Mobile CRM applications are increasingly utilising Smartphones to enable remote access to information and updating of transactions.
Business Value of Customer Relationship Management Systems
Companies with effective customer relationship management systems can realise many benefits, including increased customer satisfaction, reduced direct marketing costs, more effective marketing, and lower costs of customer acquisition and retention. Information from CRM systems can increase sales revenue by identifying the most profitable customers and segments for focused marketing, cross-selling, and up-selling. CRM systems can help reduce rates at which customers leave the company and go to a competitor.
SUPPLY CHAIN MANAGEMENT SYSTEMS
Introduction to Supply Chain Management
A supply chain is a network of organisations and business processes for procuring materials, transforming raw materials into products, and distributing the finished products to retailers and customers. The supply chain links suppliers to manufacturing plants to distribution centres and retail outlets and finally to customers for the purpose of creating and delivering products and services from source to point of consumption. The upstream section of the supply chain includes the suppliers, their suppliers and the related processes that deliver the raw materials and parts to the manufacturing plant. The downstream section is made up of the companies and processes that distribute the products and services to the customers (See Figure 9.2).
Main Supply Chain Processes
The five major supply chain processes are:
- Plan: This consists of processes that balance supply and demand with the objective of meeting sourcing, production and delivery requirements.
- Source: This consists of processes that procure goods and services needed to create the particular product or service.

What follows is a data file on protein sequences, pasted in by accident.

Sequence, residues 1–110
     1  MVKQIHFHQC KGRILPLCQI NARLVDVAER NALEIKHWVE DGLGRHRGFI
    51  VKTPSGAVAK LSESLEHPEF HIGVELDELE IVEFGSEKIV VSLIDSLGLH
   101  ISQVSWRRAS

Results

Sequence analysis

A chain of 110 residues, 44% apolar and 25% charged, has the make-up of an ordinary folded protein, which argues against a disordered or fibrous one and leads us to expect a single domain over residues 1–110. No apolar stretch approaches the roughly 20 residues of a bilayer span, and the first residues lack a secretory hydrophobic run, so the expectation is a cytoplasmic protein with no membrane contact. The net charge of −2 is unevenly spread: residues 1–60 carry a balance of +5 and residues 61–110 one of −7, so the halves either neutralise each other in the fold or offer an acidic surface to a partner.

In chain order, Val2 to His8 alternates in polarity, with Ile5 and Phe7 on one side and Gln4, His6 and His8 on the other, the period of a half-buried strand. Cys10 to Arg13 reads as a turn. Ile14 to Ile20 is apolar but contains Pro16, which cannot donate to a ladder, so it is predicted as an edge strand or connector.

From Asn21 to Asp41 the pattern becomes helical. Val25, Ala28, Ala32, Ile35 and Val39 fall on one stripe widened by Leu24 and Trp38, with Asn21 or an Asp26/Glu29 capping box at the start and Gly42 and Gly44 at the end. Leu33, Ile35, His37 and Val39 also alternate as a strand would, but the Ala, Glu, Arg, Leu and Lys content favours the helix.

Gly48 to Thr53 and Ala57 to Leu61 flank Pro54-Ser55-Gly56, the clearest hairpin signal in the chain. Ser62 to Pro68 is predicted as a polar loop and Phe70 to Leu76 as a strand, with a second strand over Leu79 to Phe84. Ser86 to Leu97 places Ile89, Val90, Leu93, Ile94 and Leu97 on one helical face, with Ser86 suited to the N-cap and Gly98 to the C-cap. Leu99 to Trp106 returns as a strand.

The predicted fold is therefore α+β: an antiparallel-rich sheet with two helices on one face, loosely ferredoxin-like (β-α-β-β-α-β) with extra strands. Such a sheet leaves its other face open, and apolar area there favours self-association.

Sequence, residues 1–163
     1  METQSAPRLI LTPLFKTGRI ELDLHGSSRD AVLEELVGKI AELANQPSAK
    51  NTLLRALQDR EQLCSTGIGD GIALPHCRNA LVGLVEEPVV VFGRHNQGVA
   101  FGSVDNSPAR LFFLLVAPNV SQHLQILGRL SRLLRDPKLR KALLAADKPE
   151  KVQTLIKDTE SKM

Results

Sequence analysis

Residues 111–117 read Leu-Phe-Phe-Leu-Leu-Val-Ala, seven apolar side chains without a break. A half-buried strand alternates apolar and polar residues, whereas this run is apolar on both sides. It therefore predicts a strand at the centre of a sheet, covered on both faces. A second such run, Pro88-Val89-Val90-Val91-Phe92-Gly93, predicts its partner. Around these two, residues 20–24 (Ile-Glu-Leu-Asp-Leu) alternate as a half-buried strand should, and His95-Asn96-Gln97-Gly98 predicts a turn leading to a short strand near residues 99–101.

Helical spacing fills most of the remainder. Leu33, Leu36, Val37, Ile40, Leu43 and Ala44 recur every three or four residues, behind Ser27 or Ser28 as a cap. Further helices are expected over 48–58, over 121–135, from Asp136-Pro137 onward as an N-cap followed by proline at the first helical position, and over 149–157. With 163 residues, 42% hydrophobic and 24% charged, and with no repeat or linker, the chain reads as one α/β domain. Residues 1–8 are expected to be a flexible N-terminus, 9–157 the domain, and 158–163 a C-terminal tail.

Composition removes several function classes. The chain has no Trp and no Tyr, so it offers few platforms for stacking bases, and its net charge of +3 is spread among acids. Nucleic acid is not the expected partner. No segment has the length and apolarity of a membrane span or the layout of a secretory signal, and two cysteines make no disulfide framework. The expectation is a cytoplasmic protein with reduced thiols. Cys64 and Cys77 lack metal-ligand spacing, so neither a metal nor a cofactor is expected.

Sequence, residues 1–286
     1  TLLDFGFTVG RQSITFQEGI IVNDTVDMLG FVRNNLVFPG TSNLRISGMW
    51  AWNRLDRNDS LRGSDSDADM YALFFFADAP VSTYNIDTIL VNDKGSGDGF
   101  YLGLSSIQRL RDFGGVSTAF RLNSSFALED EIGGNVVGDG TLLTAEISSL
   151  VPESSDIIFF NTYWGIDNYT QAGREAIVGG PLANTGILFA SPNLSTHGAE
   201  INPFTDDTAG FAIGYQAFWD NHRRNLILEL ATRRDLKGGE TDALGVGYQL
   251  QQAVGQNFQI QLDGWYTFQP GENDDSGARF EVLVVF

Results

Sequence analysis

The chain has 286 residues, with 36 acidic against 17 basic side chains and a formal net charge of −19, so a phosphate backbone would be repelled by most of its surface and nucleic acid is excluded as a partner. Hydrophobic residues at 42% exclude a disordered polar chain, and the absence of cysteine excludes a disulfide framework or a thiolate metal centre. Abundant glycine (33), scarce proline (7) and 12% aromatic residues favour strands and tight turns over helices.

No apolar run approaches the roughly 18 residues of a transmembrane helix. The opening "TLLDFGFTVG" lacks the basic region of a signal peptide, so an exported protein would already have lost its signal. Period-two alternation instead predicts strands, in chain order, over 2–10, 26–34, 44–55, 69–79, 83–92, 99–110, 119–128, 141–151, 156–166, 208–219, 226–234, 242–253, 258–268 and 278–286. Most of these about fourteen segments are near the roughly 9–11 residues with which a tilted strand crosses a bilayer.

- Make: This consists of processes that create the finished product in quantities sufficient to meet demand.
- Deliver: This consists of processes that distribute the finished goods and services to the point of consumption.
- Return: This consists of processes associated with handling returned products.
Supply Chain Management
The purpose of supply chain management is to plan, organise and optimise the supply chain activities to ensure the right amount of product arrives at the point of consumption in the least amount of time and at the lowest cost while minimising inventory levels along the supply chain. Supply chain management involves coordinating the flow of materials and information (orders, forecasts etc) within and between the companies that make up the supply chain.
Problems along the supply chain
Problems along the supply chain include; the product not being delivered when the customer needs it and high inventory costs. These problems can be as a result of poor coordination of activities along the supply chain and poor demand management. A particular problem relating to inventory levels is called the bullwhip effect.
The bullwhip effect occurs when information about the demand for a product gets distorted and the distortion gets magnified as the information passes from one point to the next across the supply chain. It can also occur when a retailer present manufacturers or suppliers with an inaccurate forecast of consumer demand. The bullwhip effect can result in stockpiling at various points on the supply chain. This can be addressed by reducing doubts or inaccuracies about levels of demand and providing all of the supply chain participants with accurate and up-to-date information.
To improve supply chain management organisations utilise supply chain management systems.
Supply Chain Management Systems
There are two broad categories of supply chain management system; systems for planning the supply chain and systems that execute the supply chain activities.
Supply Chain Planning Systems
Supply chain planning systems enable the firm to generate demand forecasts for a product and to develop sourcing and manufacturing plans for that product. They help companies decide how much of a specific product to manufacture in a particular time period and the inventor levels (for raw materials, intermediate products, and finished goods) to hold. The functions involved include order planning, advanced scheduling, demand planning, distribution planning and transportation planning.